The Armin Linke and Kuehn Malvezzi exhibition at the Vistamare gallery in Pescara is inspired by a project at the Haus der Kunst in Munich, Carlo Mollino Maniera Moderna, which was curated by Armin Linke and Wilfred Kuehn and realised in collaboration with the Kuehn Malvezzi studio. Whilst in the Munich exhibition the architects and artist explored and presented the multi-faceted work of Carlo Mollino (who moved between architecture, design, photography and writing to express the concepts and strategies of an extremely contemporary approach to architecture), in Pescara the point of view is reversed.
Here the Turin-born architect’s Maniera Moderna [modern style] offers a pretext for observing the work of Armin Linke and Kuehn Malvezzi who in turn observe Mollino. The leitmotiv is provided by Carlo Mollino’s buildings, interiors, furniture, photographs, invented spaces and installations, which are the subject of Armin Linke’s photographs and the source of inspiration for the conceptual furniture that Kuehn Malvezzi have designed.
Here Linke’s work plays out Carlo Mollino’s themes, interests and passions: from his alpine architecture, with extraordinary images like that of the Furggen ski-lift at Cervinia, to architecture as display in spaces like Turin’s Teatro Regia, or the idea of architecture as set – a space for public and private show, from the Lutrario dance hall to the interiors of homes and studios. But over and above the individual themes, it is on Mollino’s lucid and brilliant approach to space and of architecture that the exhibition focuses, an utterly unconventional and very modern approach which, as Wilfried Kuehn writes in the catalogue for the Munich exhibition, derives from the very contemporary idea of montage, a method which has characterized much of the art produced in recent years and which is central to the work of both Armin Linke and Kuehn Malvezzi.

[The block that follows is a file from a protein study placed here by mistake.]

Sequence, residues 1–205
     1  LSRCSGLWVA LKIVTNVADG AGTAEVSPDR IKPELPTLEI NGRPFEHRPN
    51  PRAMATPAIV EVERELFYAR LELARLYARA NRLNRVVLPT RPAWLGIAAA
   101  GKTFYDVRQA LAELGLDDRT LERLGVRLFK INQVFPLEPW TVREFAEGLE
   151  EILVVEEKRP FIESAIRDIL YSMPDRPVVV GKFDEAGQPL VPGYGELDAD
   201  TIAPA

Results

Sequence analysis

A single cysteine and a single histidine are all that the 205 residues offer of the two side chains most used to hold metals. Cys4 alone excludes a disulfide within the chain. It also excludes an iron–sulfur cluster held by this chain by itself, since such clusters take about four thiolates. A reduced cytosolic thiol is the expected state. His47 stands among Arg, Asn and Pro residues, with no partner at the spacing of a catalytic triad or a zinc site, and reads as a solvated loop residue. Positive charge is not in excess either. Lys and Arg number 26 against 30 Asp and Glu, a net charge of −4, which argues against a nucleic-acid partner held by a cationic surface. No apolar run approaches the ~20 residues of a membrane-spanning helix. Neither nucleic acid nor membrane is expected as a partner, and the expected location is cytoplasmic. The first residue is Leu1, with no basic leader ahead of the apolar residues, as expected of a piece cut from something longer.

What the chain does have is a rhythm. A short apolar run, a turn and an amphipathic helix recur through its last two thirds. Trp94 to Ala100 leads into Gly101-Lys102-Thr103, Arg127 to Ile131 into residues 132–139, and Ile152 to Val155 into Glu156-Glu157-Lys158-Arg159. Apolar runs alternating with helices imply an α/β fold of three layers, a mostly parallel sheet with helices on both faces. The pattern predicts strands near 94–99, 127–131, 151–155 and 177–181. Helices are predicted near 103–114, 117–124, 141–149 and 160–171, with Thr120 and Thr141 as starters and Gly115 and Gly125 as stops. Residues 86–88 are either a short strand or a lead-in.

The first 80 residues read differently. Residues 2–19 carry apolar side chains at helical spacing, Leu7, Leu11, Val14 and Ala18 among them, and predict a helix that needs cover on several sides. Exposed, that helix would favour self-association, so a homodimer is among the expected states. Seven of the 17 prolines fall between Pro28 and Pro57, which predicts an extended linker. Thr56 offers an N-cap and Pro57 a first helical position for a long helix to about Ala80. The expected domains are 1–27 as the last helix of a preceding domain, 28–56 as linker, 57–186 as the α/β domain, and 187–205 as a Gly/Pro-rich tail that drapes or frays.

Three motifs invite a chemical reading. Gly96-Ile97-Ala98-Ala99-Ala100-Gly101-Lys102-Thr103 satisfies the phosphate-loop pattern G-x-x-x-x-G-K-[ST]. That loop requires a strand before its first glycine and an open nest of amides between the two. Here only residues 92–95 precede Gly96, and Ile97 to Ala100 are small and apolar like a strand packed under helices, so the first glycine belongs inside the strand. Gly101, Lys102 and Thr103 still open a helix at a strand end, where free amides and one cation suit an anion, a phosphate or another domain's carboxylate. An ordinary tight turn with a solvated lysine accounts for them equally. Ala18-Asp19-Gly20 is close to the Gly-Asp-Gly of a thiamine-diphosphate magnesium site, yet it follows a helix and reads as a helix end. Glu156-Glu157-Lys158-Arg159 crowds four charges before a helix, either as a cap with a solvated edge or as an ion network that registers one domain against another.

Montage means identifying, selecting and appropriating diverse elements which, assembled in a different context, acquire new meaning and build a new narrative. Photographic montage is one of the ways in which Mollino constructs spaces, but his buildings are also montages, as are the interiors of the houses and studios that he inhabited and created for others.
This idea is also key to the photographs of Armin Linke. In his image of the Furggen ski-lift, for example, the artist selects an extremely personal and very specific view of the building, which rather than merely describing the structure, distills the idea of it and constructs a new narrative which includes other elements. In this piece Linke ‘reads’ the outer walls of the building as a stage set, underlining the idea of architecture as display and as theatre. From here we see a snowy alpine landscape that becomes part of the architecture as if it were a montage. From this moment onwards the entire image can shed its realistic connotations and become a different thing, an abstract description of a place, or a metaphysical narrative. But it can also shift back to being read [simply as a representation of] Mollino’s building.
Kuehn Malvezzi have created a table and a bar, the latter in homage to the “Mollinarian” aesthetic and to the style of the 1950s and 1960s when such objects were considered “modern” design pieces. For Kuehn Malvezzi the montage begins here, with the concept, with the choice of an anachronistic object type, with the appropriation of an idea that is transformed into something different: a piece of contemporary furniture in which materials, mirrors and photographs that Mollino himself had enlarged and used in an interior become citations, not so much (and not merely) of the architect’s work, as of his method of work. Appropriation, montage, the assigning of new meanings: this is Kuehn Malvezzi’s method. In the Flick Collection at the Hamburger Bahnhof in Berlin, for example, the architects emphasise the station’s former storage rooms via a visual intervention that renders them very evident but creates a function and significance that differs from the original. For Documenta XI in Kassel, Kuehn Malvezzi intervened in an ex-brewery with a wall/bench which underlines the pre-existing structure: here the architecture is almost invisible, but it completely appropriates and radically transforms the space. Another notable piece of montage was created in a recent intervention at Milan’s Museo del Novecento, where the architects produced an installation in which they included Lucio Fontana’s famous Arabesco al Neon (1951), the Museum itself and the view over Piazza Duomo in the centre of Milan.
November 24 - 24 January, 2013
Galleria Vistamare - Largo dei Frentani 13, Pescara